#geopolitical fridays: Food for thought for the festive season
There is a lot to be said for occasionally feeling puzzled. As you
are winding down for the holidays, I am inviting you to discover two
books on Islam that have the potential if not to challenge your views,
then at least to give you pause.
One, “Islam et Violence”
(Seuil, 2015) is a conversation (in French) between Adonis, a Syrian
poet living in France and Houria Abdelouahed, psychoanalyst, translator
of Adonis’ work and professor at Paris 7 University, who discuss the
failure of the Arab Spring, its root causes, and of the chaos that
The other book, “Throne of Adulis. Red Sea Wars on the Eve of Islam”
(Oxford University Press, 2013) is by G.W. Bowersock, Professor
Emeritus of Ancient History at the Institute for Advanced Study, eminent
scholar of Greek, Roman, and Near Eastern history, as well as the
classical tradition in western literature. Bowersock places the birth of
Islam in very specific historic and geopolitical context – a holy war
between Christian Ethiopians and Jewish Arabs in the sixth century AD,
no less, with foreign interventions as a bonus.
poets are generally not held in high regard, one wonders what they have
to offer in terms of value-added. Yet, as Jorge Semprun put it, only
poets have the capacity to announce catastrophes brought about by our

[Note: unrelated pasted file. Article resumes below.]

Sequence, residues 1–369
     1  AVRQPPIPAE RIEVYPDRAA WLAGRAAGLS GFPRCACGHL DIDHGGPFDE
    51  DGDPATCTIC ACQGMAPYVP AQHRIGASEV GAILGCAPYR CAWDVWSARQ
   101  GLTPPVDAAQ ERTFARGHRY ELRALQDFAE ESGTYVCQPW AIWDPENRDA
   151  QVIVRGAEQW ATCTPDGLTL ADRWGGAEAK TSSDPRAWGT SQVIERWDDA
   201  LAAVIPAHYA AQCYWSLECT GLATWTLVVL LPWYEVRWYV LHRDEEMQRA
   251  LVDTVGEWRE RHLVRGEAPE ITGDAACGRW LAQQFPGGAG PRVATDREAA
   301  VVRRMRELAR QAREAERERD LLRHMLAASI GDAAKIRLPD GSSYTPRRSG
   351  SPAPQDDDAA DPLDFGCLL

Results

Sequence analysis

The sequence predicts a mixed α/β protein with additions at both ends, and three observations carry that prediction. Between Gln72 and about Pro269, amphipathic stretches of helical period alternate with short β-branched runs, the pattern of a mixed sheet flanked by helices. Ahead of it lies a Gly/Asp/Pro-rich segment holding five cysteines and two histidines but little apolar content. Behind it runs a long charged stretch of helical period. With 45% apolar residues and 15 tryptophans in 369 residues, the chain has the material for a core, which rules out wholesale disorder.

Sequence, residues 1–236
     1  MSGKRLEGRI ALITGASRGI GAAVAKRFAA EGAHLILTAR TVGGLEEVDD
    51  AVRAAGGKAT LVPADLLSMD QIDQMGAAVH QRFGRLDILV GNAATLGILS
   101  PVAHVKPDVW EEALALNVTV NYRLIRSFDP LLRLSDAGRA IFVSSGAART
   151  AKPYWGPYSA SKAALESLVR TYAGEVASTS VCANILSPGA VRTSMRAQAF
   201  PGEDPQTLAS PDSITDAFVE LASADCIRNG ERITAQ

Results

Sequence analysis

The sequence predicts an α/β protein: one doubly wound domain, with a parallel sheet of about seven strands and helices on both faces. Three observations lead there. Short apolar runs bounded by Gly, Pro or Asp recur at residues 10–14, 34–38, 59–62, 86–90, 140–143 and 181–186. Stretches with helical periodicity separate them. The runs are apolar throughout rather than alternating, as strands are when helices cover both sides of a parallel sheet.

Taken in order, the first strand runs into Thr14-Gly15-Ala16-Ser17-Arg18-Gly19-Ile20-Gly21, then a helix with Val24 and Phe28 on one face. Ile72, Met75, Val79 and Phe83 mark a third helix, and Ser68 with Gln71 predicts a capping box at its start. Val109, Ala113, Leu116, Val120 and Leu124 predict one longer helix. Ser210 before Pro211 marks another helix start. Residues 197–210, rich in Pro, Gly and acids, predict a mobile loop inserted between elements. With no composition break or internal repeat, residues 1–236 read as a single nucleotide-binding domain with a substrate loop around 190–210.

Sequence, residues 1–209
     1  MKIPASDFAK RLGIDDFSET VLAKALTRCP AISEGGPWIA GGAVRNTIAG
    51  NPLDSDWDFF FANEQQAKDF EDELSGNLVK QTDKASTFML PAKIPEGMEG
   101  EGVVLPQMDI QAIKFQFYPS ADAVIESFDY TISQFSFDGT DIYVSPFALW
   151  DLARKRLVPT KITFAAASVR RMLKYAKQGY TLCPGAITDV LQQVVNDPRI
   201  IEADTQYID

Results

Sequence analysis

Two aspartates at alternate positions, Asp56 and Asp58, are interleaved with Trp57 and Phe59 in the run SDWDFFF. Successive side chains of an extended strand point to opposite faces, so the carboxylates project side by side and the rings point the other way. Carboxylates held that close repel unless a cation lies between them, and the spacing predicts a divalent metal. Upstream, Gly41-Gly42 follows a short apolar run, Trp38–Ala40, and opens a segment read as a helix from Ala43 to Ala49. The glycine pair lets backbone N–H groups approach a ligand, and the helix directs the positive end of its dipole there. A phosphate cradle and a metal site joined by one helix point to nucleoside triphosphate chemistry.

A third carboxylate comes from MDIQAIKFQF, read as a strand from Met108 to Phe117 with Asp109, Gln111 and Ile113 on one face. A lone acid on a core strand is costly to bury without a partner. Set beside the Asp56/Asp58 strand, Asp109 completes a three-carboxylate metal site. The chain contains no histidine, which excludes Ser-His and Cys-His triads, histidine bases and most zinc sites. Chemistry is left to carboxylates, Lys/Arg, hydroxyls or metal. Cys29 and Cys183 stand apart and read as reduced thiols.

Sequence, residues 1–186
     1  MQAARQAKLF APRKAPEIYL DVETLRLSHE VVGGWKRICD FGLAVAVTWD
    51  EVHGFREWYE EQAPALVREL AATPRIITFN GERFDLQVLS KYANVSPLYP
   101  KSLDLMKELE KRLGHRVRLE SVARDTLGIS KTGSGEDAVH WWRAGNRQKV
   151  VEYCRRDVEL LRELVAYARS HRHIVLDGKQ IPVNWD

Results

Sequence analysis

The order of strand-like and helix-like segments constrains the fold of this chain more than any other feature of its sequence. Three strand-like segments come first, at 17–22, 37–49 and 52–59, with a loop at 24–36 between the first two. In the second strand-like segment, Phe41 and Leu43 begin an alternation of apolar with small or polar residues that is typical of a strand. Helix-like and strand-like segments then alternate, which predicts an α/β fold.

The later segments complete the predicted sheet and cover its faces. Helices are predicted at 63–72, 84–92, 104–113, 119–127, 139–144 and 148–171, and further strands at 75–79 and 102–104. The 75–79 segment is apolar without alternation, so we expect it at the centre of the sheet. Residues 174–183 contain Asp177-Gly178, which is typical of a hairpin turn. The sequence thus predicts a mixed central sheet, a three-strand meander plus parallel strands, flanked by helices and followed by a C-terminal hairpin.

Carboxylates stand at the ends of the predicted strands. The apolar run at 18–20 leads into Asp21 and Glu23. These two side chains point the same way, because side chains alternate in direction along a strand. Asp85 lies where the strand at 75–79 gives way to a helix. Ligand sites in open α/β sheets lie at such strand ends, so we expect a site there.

own barbarity. Adonis bears that heavy poetic burden. Born 1930
in Qassabine, Syria under the name of Ali Ahmad Saïd Esber, he started
writing at an early age. His work has been rewarded with literary prizes
in France, Italy, Turkey and Lebanon. In Houria Abdelouahed, he finds a
wonderful conversation partner: Psychoanalysts act as messengers from
the submerged continents of our soul – Much like poets, they occasionally confront us with things we would rather not think about.
Adonis and Abdelouahed take an unflinching look at Islam as religion, underpinning culture in the Arab world – its potential for violence,
its incapacity to accept “the other” (be it in female, or in any other
guise) and its inbuilt inability to embrace change. They plead for a
secular revolution in Arab countries, to create a space for the
individual and for democracy to exist.
If you think foreign
entanglements and religious conflict in the Middle East are a recent
phenomenon, think again. Would you have known that in the sixth century
AD, the Byzantine Empire faced off with the Persians in a proxy war in
Southern Arabia? And that a Jewish Kingdom composed of recently
converted ethnic Arabs (Team Persia) unleashed a bloody pogrom on
Christians living in the region, acts which rallied the Ethiopians (Team
Byzantium), themselves bent on restoring their control over the Arabian
peninsula? And you thought Syria was confusing.
Thanks to historian G. W. Bowersock, we can discover this little known episode of pre-Islamic Arabian history, which makes for fascinating reading. Knowledge about these religious conflicts also provides important background information to understand the rise of Islam, and the subsequent fall of the Persian and Byzantine Empires.